JSON Web Token (JWT) Tutorial

August 12th, 2020 in ENCOR Knowledge

As you know, the World Wide Web we know today is based on HTTP (which includes both HTTP and HTTPS). If you are reading this tutorial then surely you had to access to networktut.com via HTTP. But HTTP is a stateless protocol so if you logged in then visiting another page on the same site, you would be forced to log in again since HTTP does not save your login status. In order to solve this problem, there are two popular ways to help keep the information you provided for later use: Session-based authentication (sometime called Cookie-based authentication) and Token-based authentication. In this tutorial we will learn both and the difference between them.

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NetFlow Tutorial

July 17th, 2020 in ENCOR Knowledge

One of the most important tasks of a network administrator is to monitor the health of our networks, learn how our bandwidth is being used, what applications are consuming it, when it needs upgrade… Although monitoring protocols like SNMP and SPAN (port mirroring) can help us answer some questions but they are not enough to give us an insightful view of our networks. Luckily we have another amazing tool: NetFlow!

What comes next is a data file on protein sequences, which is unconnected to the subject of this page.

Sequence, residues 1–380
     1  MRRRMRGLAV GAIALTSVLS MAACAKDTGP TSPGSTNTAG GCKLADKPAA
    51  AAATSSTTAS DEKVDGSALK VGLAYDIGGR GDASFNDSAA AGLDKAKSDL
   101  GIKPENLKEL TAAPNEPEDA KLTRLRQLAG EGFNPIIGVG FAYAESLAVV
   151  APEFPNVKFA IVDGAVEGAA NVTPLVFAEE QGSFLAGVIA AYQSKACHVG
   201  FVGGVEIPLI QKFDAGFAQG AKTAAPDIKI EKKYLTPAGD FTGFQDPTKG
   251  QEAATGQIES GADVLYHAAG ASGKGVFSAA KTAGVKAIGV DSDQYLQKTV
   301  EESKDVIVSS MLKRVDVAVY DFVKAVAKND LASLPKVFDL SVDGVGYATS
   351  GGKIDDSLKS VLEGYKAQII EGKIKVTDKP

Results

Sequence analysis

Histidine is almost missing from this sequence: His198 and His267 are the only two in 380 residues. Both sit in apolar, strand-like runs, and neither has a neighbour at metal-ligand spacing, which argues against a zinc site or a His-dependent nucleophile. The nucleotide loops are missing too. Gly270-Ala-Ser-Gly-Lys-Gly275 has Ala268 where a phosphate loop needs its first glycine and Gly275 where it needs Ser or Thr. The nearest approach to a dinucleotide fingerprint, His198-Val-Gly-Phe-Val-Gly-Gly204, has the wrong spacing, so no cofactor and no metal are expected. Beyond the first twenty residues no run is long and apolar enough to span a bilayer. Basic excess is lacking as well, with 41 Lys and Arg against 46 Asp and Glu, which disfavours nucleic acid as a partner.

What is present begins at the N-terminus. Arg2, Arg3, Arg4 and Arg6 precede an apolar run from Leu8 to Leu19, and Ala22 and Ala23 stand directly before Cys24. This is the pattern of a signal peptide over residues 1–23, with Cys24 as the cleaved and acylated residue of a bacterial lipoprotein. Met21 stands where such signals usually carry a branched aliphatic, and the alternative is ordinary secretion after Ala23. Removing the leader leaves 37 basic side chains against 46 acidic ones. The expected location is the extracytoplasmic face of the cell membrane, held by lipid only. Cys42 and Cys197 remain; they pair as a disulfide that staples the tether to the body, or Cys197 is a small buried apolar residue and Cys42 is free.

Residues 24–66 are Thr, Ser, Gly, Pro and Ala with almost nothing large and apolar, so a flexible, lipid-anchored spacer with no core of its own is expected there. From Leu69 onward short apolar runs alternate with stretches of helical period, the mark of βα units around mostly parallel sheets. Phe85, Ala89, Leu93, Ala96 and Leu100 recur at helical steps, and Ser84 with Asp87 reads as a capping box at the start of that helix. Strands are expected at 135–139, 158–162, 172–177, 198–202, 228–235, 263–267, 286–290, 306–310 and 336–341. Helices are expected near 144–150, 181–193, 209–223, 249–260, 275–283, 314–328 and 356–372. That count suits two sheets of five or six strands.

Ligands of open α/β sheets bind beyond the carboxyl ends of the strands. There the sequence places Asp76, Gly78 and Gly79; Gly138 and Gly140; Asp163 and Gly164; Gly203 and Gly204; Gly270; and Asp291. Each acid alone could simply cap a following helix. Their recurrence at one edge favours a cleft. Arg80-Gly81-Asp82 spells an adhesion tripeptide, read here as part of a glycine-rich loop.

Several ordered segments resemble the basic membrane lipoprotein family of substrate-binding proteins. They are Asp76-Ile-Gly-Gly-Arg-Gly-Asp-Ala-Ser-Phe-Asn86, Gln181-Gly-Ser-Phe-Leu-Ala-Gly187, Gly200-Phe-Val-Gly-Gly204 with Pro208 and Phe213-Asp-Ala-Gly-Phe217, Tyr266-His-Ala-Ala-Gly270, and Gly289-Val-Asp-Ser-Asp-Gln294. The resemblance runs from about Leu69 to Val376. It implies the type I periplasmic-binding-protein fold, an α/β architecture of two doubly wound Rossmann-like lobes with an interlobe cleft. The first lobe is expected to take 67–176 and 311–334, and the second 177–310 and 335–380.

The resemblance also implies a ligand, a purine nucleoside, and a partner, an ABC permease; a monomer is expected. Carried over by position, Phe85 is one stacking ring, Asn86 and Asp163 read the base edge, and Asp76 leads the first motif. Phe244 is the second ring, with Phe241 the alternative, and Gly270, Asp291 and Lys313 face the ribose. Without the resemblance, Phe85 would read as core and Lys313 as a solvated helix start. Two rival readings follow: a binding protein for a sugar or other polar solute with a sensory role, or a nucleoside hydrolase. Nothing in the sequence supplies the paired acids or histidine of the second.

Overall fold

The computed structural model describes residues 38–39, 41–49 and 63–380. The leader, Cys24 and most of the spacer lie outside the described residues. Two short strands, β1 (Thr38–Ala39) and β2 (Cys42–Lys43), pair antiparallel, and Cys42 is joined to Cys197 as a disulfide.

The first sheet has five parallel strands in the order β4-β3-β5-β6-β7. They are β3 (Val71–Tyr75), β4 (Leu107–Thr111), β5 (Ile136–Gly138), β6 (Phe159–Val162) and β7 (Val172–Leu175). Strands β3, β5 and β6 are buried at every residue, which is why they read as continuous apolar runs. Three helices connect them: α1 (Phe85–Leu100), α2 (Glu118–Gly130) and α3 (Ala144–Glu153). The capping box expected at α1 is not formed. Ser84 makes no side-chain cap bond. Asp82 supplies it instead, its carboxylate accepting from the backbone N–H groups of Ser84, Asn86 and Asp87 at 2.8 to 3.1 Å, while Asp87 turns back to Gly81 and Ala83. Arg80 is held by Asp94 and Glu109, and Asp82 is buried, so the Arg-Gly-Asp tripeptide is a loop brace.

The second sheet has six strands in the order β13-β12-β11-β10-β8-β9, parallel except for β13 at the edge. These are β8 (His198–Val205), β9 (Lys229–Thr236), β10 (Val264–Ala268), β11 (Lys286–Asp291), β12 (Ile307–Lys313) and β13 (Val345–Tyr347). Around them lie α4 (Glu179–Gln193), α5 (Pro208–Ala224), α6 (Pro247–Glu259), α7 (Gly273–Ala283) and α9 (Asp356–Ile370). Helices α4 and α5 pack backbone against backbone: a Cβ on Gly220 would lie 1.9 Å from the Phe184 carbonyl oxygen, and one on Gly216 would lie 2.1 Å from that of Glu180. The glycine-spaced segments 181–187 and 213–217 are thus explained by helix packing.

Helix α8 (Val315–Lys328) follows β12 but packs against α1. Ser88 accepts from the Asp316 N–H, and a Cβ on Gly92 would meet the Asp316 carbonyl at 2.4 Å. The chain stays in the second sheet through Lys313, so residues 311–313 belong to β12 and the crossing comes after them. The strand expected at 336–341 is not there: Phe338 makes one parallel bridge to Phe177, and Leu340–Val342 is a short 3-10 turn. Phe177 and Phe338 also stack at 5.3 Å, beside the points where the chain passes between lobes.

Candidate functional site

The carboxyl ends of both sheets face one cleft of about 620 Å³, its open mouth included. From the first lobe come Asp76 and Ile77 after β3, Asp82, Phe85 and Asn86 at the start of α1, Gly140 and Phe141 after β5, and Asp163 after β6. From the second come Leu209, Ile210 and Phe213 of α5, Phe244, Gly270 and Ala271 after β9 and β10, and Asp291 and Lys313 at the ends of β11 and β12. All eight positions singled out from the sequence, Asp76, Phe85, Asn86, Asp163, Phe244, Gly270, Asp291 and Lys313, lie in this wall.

NetFlow is a networking analysis protocol that gives the ability to collect detailed information about network traffic as it flows through a router interface. NetFlow helps network administrators answers the questions of who (users), what (application), when (time of day), where (source and destination IP addresses) and how network traffic is flowing.

Let’s take an example! In the topology below, when traffic from Network 1, 2, 3… passes through the interfaces of a NetFlow enabled device, relevant information is captured and stored in the NetFlow cache. NetFlow collects IP traffic information as records and sends them to a NetFlow collector for traffic flow analysis.

NetFlow_example.jpg

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VXLAN Tutorial

June 11th, 2020 in ENCOR Knowledge

With the rapid growth of networking nowadays, traditional VLANs have to face some challenges. There are four main disadvantages of traditional VLANs:

+ The number of VLANs is small. A traditional VLAN ID is only 12-bit in length so it only provides 4096 VLANs. This number of VLANs is maybe enough in the old days but nowadays it is not, especially for service providers. Suppose each normal customer requires 10 VLANs then a service provider only has enough VLAN to divide for about 400 customers. If a large customer like a bank comes to you, he may require a few hundreds of VLANs. The lack of VLAN is same as the lack of IPv4 addressing space we are facing nowadays.

+ Spanning-tree blocks redundant ports to avoid loops. Another problem of traditional VLAN is it works purely on Layer 2 switch, which comes with Spanning-tree protocol (STP). STP helps block redundant links to prevent loops but they may be the links we have to hire, which cost money. Blocking them means we cannot fully use what we paid for.